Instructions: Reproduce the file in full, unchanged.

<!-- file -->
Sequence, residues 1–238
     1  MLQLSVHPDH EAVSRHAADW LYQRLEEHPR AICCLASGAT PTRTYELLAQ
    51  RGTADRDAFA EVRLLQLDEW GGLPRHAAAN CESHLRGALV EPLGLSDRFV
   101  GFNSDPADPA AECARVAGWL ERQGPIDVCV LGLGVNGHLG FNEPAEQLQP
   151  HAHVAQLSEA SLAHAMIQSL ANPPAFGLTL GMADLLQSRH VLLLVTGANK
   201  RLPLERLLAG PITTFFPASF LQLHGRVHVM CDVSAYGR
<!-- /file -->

Sequence, residues 1–238
     1  MLQLSVHPDH EAVSRHAADW LYQRLEEHPR AICCLASGAT PTRTYELLAQ
    51  RGTADRDAFA EVRLLQLDEW GGLPRHAAAN CESHLRGALV EPLGLSDRFV
   101  GFNSDPADPA AECARVAGWL ERQGPIDVCV LGLGVNGHLG FNEPAEQLQP
   151  HAHVAQLSEA SLAHAMIQSL ANPPAFGLTL GMADLLQSRH VLLLVTGANK
   201  RLPLERLLAG PITTFFPASF LQLHGRVHVM CDVSAYGR